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Looking for PCI-E RAID Card Recommendations & Advice.

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December 29, 2011 2:29:16 PM

I've been slowly but surely saving up money for a new personal machine for a while now. I've built countless machines for business and personal use, but I've never had the opportunity to build a machine with a PCI-E RAID Adapter. I've set up a handful of consumer and business-level machines with SSDs as the main Windows disk, both with and without RAID options. Sadly all of them have utilized on-board software RAID solutions (mostly Intel/Marvell controllers).

I have all the components sorted out with the exception of the PCI-E RAID Adapter. I'm looking to stripe 4x Corsair Force GT 120GB SSDs to serve as the Windows OS disk, and to utilize my existing RAID 5 eSATA standalone storage box for paging operations, temp files, and for general use as a storage hole. I realize how risky it is to rely on RAID 0, so please spare me those warnings, I have that contingency covered! ;)  I've been using RAID 0 for the better part of a decade on each of my personal machines, with WD Raptors/Velociraptors, and have a weekly backup script dump a system image to my RAID 5 box.

I've been eyeballing quite a few different RAID Cards from a handful of different vendors: Arcea, LSI, and Adaptec. Reviews and information on them are scattered and often convoluted. It's not exactly what you want to witness when thinking about dropping hundreds of dollars on one of these things. I've read a lot of horror stories about various cards not recognizing, or working properly with a lot of non-server motherboards. LSI, for example, offers compatibility lists which wholly neglect all types of motherboards save server boards. I don't understand why these companies don't comprehend that people may want to use their RAID cards in things other than servers.

I like the price-point and features of this LSI card, for example, but I'm worried it'll be $225 wasted on something that may not work at all. On Newegg's product page for that card, one individual mentions that the card refuses to recognize on Gigabyte motherboards, which is a problem as I was eyeballing a Gigabyte x79 board in the first place.

If anyone out there has any stores or experiences they can share about hardware RAID and SSDs, please share. :D 
December 29, 2011 2:45:01 PM

This might not be want you want to do, but have you considered software raid. windows 7 professional and ultimate support the windows software raid. ive never messed with it but in benchmarks it does better than most controllers and you dont need to worry about losing your raid if your controller card dies. just plug them into any windows pc and it sees them. or so the review said. i didnt find the article i once read but i did find a howto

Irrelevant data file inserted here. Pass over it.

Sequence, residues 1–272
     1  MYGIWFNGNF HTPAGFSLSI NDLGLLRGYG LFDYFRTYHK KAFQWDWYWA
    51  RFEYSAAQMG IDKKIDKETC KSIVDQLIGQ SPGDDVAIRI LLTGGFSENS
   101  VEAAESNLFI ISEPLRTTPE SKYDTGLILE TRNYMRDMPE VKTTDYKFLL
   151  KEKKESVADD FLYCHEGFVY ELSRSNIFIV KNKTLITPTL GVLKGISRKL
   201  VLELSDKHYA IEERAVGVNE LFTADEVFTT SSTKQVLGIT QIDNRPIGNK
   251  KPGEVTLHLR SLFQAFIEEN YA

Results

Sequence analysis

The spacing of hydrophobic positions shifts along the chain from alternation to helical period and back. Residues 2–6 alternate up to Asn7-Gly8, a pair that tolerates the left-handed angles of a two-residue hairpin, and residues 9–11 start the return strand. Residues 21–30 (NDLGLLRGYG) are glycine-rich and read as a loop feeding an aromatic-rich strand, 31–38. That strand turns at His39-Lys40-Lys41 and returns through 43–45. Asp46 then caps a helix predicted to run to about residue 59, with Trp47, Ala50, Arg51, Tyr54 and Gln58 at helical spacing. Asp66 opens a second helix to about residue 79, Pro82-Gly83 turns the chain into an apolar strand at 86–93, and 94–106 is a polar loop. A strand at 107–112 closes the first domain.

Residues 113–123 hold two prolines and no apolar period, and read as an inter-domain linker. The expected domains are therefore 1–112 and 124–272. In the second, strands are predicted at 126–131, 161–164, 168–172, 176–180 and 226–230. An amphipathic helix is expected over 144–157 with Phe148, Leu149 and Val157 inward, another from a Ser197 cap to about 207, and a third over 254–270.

http://www.howtogeek.com/howto/36504/how-to-create-a-so...
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December 29, 2011 3:01:21 PM

Yep, that's what I've been running for the last decade or so. Software RAID via onboard RAID controllers. right now I'm using 3x 300GB Velociraptors in RAID 0 on Windows 7, before that it was 2x 74GB Raptors in RAID 0 on Windows XP.

I'm trying to move away from Software RAID for maximum performance. I've never liked the idea of losing CPU clocks to RAID management, not to mention (what I at least understand to be) lost throughput on an over-saturated SATA 3 bus with four SSDs attached.
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December 30, 2011 6:25:11 AM

in that case ive always liked promise controllers. though i havent checked them out since sata came out.
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a b G Storage
January 1, 2012 9:57:36 PM

Hi rageaholic!

LSI controllers are not compatible with all motherboard so I suggest you to buy intel raid controller!

Intel controllers are carbon copy of the LSI's. the only difference is firmware, and the performance is very close.

but if you can afford around 300$ you can buy awsome raid controller! unbeatable in that price range!

AND yes it is risky to use 4x SSD in raid 0 but you can avoid that risk with buying Battery Backup Unit (BBU) but if you want more performance and Avoiding the risk i suggest to use FastPath instead of BBU!

For using Fastpath you set the caching mode to write through. This cuts the odds of loosing arrays exponentially. The LSI controllers are very very stable in this regard.
the write through that you use with fastpath will reduce the odds greatly of data loss in power outage. not entirely of course, but if you have a backup regularly, dont worry about it.

here is the difference between fastpath enabled and disabled:

enable:
http://assets.overclock.net.s3.amazonaws.com/a/ae/ae340...

disable:
http://assets.overclock.net.s3.amazonaws.com/9/91/91db5...

read more about fatpath:
http://www.intel.com/content/www/us/en/servers/raid/rai...

Intel RS2BL040 (LSI 9260-4i) controller:

http://www.newegg.com/Product/Product.aspx?Item=N82E168...
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